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Tag: voice and choice

Lake County Schools: Lost Lake Elementary is Putting the Fun Back into Teaching

February 17, 2016 by

lost lakeThis post is the third in a five-part series on Lake County Schools in Florida. Begin with the district overview and follow along at these schools: South Lake High, Lost Lake Elementary, Sawgrass Bay Elementary, and Lake Windy Hill Middle

When I visited Miss Green’s classroom at Lost Lake Elementary School, classical music was playing as students grabbed snacks and began to reflect on their day. Students explained to me their standards and, of course, the Dojo. Miss Green noted that PL has been particularly helpful, as she is an ELL teacher with four students with a variety of English skills in her class. She said that students are speaking more in class as part of the PL environment and she can provide more direct instruction to the student who is at the very beginning of his journey to learn English.

Michelle Mabry, Lost Lake’s PL facilitator, explained that at the Reinventing Schools Coalition training, they asked about how the ESE (Exceptional Student Education) students and the English Language Learners were doing. The conversation turned to the challenge of engaging students who were really struggling with the curriculum and the different strategies students develop, including learned helplessness. Lost Lake has turned to Mary Cay Ricci’s Mindsets in the Classroom to help integrate the growth mindset throughout the school. Assistant Principal Karen Hart noted that in the classrooms where teachers are embracing personalized learning, it’s difficult to tell which students are ESE. (more…)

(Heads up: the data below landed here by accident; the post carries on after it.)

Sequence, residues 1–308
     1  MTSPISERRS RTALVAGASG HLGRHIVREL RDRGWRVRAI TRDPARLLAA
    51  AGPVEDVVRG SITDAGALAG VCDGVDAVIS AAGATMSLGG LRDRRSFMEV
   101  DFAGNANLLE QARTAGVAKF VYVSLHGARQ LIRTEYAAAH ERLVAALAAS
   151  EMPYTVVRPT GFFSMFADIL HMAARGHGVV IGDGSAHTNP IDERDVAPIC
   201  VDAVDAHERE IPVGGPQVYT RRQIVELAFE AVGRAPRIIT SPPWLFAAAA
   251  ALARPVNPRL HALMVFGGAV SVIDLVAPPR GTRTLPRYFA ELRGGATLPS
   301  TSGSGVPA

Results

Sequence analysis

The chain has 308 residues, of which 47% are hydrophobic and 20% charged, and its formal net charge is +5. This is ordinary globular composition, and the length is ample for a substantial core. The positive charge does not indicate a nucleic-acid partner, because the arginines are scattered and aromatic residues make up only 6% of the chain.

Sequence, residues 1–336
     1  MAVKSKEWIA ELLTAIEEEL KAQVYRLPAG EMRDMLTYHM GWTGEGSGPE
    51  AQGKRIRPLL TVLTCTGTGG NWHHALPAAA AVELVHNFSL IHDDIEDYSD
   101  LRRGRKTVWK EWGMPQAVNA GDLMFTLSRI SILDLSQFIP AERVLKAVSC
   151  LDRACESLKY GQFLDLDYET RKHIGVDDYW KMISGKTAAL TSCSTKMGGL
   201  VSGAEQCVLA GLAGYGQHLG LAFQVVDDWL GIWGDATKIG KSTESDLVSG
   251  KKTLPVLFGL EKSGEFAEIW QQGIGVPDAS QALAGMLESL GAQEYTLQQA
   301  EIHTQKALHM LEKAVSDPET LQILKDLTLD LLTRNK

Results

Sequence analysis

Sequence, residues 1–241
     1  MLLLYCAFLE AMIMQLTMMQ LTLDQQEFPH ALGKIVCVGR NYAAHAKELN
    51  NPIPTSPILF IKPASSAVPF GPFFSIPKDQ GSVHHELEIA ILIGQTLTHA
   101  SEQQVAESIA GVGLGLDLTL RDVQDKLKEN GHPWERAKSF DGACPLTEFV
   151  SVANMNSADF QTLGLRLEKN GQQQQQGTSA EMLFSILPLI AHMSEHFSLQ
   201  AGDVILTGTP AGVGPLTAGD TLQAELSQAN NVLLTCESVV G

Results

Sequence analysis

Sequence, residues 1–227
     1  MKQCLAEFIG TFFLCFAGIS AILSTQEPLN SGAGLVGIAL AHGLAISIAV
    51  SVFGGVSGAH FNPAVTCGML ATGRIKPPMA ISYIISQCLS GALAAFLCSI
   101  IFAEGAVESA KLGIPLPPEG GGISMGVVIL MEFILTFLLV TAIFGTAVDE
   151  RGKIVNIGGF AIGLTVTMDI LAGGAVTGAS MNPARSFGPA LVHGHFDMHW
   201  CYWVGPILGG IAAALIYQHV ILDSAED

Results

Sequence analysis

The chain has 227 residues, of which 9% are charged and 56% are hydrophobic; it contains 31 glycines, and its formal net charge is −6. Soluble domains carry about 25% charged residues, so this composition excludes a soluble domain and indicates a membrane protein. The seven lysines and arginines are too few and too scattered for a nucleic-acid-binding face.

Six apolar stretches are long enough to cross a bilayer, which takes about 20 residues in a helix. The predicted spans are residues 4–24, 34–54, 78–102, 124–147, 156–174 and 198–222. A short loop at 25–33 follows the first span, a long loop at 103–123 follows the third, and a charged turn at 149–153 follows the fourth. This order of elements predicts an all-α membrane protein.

Lake County Schools: Moving at the Speed of Trust at South Lake High School

February 16, 2016 by
slhs map of learning

SLHS Map of Learning

This post is the second in a five-part series on Lake County Schools in Florida. Begin with the district overview and follow along at these schools: South Lake High, Lost Lake Elementary, Sawgrass Bay Elementary, and Lake Windy Hill Middle

My first stop at Lake County Schools was South Lake High School (SLHS) with Kathy Halbig, Coordinator of Personalized Learning, as my guide. Arriving a bit early, I had the chance to read all the posters and photographs that dotted the walls in the reception area, congratulating students for Future Farmers of America, bowling, golf, track, and national merit scholars. And I thought – normal American high school.

However, once I met with Principal Rob McCue, Assistant Principal Kim Updike, and PL Facilitator Bobby Rego, I realized that South Lake High School is really the “new normal” – an entrepreneurial, innovative spirit committed to figuring out exactly how to personalize education so every student is achieving no matter what their level of skill and maturity when they first enroll in high school. With 1,820 students, of which 62 percent (or more) is FRL, South Lake High School has to design for students who are likely to be the first generation to go to college. The school is based in Groveland, Florida, where agricultural strength is on the decline and so are the jobs. In a world in which so many schools are not racially integrated, it’s worth noting that South Lake is 13 percent African-American, 23 percent Hispanic, and 64 percent white.